If Saturday’s 2013 Orange & Blue Debut was any indication, the Florida Gators still have a long way to go to get their passing game on track for the start of the season.
Florida head coach Will Muschamp had plenty on his plate this spring as began to fill in holes created by the departure of 13 starters, but he and offensive coordinator Brent Pease have also been focused on ensuring that the Gators improve a passing offense that was ranked 114th in the nation a year ago.
During the 2012 campaign, Pease’s first year at Florida, the team averaged just 146.31 yards per game through the air. UF was only one of two programs in the country to average fewer than 150 passing yards and boast a winning record (Navy).
How poor was the Gators’ passing attack? Florida ranked 111th in total passing yards (1,902) and 110th in yards per reception (10.39). The Gators were also just one of two teams in the nation to rank in the bottom seven for passing offense and not boast a top-six rushing offense (Temple) to off-set the lack of yardage.
In other words, there is plenty of room for improvement.
Unfortunately for Florida, getting better and wanting to get better are two totally different things. The Gators will entering 2013 without four of their top six pass catchers, players that combined for 58 percent of the team’s receptions and 66 percent of its receiving yards. While that may seem like a dire prophecy, the change in personnel may actually benefit Florida in the long run.
“We have more guys that can stretch the field,” junior starting quarterback Jeff Driskel said on Saturday. “We have good speed at the receiver position.”
The Gators’ leading returning receiver, redshirt junior Quinton Dunbar, finished with just 36 catches for 383 yards and a team-high four touchdowns a year ago. Yet no pass catcher has drawn more rave reviews from the coaches for his continued improvement and increased consistency.
“Quinton continues to make some plays for us. He’s a guy that I know – talking to our cover corners – runs extremely well and finishes routes down the field,” Muschamp said.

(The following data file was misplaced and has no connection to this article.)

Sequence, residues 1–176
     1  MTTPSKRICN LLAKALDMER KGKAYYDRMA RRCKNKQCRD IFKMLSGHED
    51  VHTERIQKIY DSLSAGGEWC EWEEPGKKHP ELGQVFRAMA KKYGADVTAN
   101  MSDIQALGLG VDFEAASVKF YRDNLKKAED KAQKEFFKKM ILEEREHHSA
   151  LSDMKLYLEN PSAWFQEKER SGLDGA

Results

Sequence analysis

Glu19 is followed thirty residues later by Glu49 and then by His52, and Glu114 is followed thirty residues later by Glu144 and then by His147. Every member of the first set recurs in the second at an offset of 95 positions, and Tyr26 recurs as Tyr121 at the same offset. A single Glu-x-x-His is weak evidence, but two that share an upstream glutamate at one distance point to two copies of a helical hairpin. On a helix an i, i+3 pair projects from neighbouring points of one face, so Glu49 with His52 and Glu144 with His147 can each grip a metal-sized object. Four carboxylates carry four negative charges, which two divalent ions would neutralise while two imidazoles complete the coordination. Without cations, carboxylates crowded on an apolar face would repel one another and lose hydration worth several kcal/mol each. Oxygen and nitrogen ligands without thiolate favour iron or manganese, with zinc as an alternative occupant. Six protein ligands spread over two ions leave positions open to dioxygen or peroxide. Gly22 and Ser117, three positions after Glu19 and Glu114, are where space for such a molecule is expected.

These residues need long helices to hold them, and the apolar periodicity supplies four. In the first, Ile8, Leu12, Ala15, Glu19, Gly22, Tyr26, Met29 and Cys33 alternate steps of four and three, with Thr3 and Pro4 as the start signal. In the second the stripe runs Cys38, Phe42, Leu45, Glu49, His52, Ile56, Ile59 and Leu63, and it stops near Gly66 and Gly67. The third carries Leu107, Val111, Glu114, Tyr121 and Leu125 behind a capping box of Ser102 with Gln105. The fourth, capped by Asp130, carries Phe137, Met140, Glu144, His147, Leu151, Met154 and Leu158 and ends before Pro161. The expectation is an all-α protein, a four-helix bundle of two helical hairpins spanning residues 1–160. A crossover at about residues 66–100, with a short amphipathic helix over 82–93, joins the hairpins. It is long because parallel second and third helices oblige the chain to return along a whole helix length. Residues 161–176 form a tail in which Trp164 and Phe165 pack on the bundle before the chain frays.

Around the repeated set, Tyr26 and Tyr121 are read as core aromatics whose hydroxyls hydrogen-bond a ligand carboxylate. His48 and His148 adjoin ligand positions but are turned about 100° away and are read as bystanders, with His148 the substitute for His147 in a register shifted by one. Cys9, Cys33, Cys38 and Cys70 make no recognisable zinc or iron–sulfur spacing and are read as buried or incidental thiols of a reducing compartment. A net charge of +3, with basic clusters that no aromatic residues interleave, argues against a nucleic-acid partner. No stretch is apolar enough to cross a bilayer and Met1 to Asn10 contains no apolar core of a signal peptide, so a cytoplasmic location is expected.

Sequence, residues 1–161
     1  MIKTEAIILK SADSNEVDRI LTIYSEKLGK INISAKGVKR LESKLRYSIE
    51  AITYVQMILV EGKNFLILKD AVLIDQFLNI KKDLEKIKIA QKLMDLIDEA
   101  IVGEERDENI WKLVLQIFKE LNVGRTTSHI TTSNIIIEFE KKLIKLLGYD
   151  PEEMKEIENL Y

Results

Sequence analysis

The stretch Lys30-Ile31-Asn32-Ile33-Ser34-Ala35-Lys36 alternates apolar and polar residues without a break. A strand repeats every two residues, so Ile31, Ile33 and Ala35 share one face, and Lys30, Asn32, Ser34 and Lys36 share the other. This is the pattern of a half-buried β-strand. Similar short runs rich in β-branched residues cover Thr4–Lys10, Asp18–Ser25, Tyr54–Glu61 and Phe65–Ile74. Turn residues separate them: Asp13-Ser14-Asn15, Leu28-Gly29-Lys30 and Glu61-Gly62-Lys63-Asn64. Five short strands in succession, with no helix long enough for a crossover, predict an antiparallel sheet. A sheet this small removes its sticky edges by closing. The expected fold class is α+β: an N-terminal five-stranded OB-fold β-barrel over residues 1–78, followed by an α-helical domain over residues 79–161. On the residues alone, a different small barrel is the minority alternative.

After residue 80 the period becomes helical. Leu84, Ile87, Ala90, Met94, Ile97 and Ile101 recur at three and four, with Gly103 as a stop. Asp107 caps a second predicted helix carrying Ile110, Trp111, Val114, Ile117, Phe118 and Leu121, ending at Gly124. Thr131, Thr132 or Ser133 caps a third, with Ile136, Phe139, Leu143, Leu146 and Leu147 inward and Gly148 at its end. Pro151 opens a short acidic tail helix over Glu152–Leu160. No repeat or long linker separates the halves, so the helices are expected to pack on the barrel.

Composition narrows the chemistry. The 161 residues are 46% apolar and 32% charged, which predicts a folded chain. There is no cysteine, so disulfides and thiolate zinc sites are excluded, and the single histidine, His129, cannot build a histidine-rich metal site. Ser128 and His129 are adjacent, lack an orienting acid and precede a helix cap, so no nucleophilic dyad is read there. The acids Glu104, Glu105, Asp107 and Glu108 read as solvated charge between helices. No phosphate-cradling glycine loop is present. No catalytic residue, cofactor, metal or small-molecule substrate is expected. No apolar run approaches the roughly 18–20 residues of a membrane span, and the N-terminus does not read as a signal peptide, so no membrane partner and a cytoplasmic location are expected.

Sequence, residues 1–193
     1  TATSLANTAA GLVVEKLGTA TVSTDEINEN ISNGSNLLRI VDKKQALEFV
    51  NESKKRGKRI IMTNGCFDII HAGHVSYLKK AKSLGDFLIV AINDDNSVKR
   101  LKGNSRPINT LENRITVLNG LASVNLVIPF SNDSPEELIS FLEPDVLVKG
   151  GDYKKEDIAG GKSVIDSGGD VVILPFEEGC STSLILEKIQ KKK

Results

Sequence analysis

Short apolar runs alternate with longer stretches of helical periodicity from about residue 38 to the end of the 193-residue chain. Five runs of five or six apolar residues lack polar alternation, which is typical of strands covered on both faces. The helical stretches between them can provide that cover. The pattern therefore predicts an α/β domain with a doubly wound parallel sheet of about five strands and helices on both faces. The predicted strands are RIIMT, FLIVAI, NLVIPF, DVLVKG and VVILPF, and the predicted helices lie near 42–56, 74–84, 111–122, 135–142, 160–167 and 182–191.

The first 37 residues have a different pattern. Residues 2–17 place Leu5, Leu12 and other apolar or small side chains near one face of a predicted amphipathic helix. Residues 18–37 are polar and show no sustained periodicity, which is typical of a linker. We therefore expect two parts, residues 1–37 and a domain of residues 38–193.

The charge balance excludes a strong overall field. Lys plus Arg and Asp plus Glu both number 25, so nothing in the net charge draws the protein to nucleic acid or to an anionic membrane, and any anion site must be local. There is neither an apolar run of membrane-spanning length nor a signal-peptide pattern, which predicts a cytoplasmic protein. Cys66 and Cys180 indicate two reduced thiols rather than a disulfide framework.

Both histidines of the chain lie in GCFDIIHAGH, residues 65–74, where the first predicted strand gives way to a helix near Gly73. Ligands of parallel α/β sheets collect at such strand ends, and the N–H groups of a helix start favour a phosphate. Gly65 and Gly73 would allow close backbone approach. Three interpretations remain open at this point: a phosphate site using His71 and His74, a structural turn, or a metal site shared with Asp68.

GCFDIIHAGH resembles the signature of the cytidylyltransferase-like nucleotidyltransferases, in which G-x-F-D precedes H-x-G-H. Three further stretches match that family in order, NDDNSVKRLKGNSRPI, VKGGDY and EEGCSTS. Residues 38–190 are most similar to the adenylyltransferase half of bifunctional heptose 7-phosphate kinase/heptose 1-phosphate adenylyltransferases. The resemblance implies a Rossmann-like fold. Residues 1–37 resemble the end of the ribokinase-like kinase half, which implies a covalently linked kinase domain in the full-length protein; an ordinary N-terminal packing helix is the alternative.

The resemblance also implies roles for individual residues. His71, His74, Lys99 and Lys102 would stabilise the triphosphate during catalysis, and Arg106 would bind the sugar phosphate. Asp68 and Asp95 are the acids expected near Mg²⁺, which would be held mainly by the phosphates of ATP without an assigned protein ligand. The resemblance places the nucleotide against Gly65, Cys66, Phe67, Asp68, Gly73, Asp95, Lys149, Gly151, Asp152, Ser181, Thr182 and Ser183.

Dunbar made a couple of nice plays during Saturday’s open practice but was overshadowed a bit by freshman Demarcus Robinson. Despite playing with a heavily wrapped foot due to a high-ankle sprain, Robinson made some big catches during one-on-one drills and looked as talented as advertised coming out of high school. He is exactly what Florida needs to take the next step in the passing game.
“Obviously Demarcus Robinson is a guy that’s going to help us. He had a bad ankle [Saturday],” Muschamp said. “I’ve seen Demarcus Robinson [show out] at times when he was healthy. The tough thing with Demarcus is he injured his ankle on the third or fourth day and then he misses eight practices and he’s a high school senior. … I think the guy, athletically, is what we want.”
“He’s going to be a big-time player, and he’s definitely going to show up next year,” added Driskel.
But Dunbar and Robinson are not the only receivers who have improved. Junior defensive back Loucheiz Purifoy, who will see some snaps on offense throughout the season, has also drawn his share of praise. Sophomores Latroy Pittman and Raphael Andrades are also on the rise and even redshirt senior Andre Debose made some nice plays during one-on-one drills Saturday.
“We got to continue to develop the position though,” Muschamp cautioned. “It’s not exactly where we want it to be, but I know we’ve improved and I’m looking forward to seeing those guys continue through the summer.”
Of course, whenever one looks at the successes or failures of a passing game, the onus rests on the shoulders of the starting quarterback. Though Driskel did toss 12 touchdowns (running for four more) while only coughing up five interceptions (three in one game), he only threw for 1,646 yards (6.72 yards per attempt) and completed just 63.7 percent of his passes.